Northwest Biotherapeutics Defeats Shareholder Lawsuit

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By John T. Aquino

Disagreeing with methodology isn’t the same as proving statements about an experimental cancer vaccine are false and misleading, a federal district court said in dismissing shareholder claims against Northwest Biotherapeutics Inc. ( Lerner v. Northwest Biotherapeutics , D. Md., No. GJH-15-2532, dismissed 3/31/17 ).

The shareholders cited analyst articles about Northwest Bio’s allegedly false statements, and the Food and Drug Administration’s hold on further DCVax-L clinical trial recruitment, in their class action complaint to the U.S. District Court for the District of Maryland for alleged violations of the Securities Exchange Act. But in dismissing the case, Judge George J. Hazel wrote that the plaintiffs’ complaint didn’t rise above mere disagreements to alleging actionable misrepresentations. The court accordingly granted Northwest Bio’s motion to dismiss.

The court’s decision stops the shareholders’ complaint from proceeding. But it may be cold comfort to Northwest Bio, whose stock dropped from $12 a share in July 2015 to $3 a share by the end of 2015 and was at 22 cents a share on April 5. Online financial publication The Street in an April 5 article said the company, which was known for elaborate presentations at conferences, had a small exhibitor’s table at the American Association for Cancer Research meeting in Washington staffed by its chief technical officer, who couldn’t explain why the study was placed on clinical hold.

Northwest Bio said in a Feb. 6 press release that the FDA had lifted the hold on recruitment of clinical trial participants for the study, and the company reaffirmed this in an April 7 filing with the Securities and Exchange Commission.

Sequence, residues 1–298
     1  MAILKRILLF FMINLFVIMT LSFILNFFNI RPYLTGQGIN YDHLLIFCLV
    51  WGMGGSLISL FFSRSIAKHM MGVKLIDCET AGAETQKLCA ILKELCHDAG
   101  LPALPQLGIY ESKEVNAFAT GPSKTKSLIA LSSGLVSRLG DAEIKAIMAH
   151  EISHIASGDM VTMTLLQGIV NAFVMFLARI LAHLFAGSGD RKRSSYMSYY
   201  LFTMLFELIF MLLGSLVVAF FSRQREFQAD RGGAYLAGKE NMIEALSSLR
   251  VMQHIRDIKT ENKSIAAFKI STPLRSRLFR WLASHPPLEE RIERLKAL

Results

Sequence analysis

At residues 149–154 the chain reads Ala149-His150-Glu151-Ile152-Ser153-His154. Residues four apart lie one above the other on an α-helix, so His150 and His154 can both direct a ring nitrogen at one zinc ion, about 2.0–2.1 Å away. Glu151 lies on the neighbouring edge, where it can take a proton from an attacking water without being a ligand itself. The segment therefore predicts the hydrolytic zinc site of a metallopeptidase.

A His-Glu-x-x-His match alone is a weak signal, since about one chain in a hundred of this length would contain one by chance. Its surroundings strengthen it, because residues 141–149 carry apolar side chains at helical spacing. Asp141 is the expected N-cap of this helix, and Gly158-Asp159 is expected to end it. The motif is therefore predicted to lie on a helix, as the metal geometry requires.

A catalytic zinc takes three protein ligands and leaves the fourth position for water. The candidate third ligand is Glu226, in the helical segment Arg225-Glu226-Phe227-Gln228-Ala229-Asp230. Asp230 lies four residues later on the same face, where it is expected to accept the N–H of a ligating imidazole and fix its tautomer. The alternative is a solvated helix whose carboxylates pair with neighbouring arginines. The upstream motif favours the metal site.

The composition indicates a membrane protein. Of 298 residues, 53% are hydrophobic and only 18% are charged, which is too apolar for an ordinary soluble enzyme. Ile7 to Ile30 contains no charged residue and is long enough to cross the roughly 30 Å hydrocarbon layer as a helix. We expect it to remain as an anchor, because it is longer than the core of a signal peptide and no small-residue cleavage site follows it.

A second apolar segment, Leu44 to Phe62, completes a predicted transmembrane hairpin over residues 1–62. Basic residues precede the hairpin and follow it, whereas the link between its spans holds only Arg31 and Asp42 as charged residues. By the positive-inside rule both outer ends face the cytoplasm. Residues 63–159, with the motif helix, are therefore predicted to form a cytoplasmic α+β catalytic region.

Northwest Bio didn’t immediately respond to Bloomberg BNA’s phone request for comment.

Misleading or Different Conclusions?

The plaintiffs listed 13 statements Northwest Bio made in press releases, conference and investor presentations, and Securities and Exchange Commission filings that they asserted were false and misleading.

In addition to the FDA hold on the DCVax-L clinical trial, the plaintiffs cited accusations from the MD Anderson Cancer Center as quoted in TheStreet that the company had made promotional and unjustified claims about a clinical trial for its experimental cancer vaccine DCVax-Direct; and an article from an independent stock analyst in online financial publication SeekingAlpha that a company hired by Northwest Bio had employed fictitious authors with fake credentials to promote the company.

Hazel’s analysis of the plaintiffs’ allegations concerning Northwest Bio’s statements about initial and ongoing data from its DCVax-Direct clinical trials was typical of his analysis of the other statements. The plaintiffs had alleged that the statements were false and misleading because they hadn’t been substantiated by “trial investigators.” They further argued “the statements omitted that signs of necrosis or tumor death were just as likely caused by needle trauma as a response to the vaccine” and “the statements omitted that the preliminary results actually failed to establish a response as defined by industry-standard RECIST [Response Evaluation Criteria in Solid Tumors] criteria.”

Hazel wrote: “However, Plaintiffs fail to adequately plead how the lack of substantiation by ‘trial investigators’ or ‘fail[ing] to establish a response as defined by industry-standard RECIST criteria’ made Defendants’ statements untrue or amounted to misleading omissions.” He added, “Plaintiffs do not allege that Defendants falsely or inaccurately reported their conclusions; rather they seem to merely disagree with Defendants’ methodology for reaching those conclusions.”

Didn’t Mean to Deceive

The court also concluded that even if the statements in question had been false or misleading, the plaintiffs hadn’t shown that Northwest Bio representatives knew about the alleged “wrongness” of their actions beforehand. The lack of what the court calls scienter alone is justification for dismissal, Hazel wrote.

The plaintiffs were represented by Cohen Milstein Sellers & Toll PLLC, Washington, and Pomerantz LLP, New York and Chicago, and Northwest Bio by Gibson, Dunn & Crutcher LLP, Washington.

To contact the reporter on this story: John T. Aquino in Washington at

To contact the editor responsible for this story: Randy Kubetin at

For More Information

The court's decision is at

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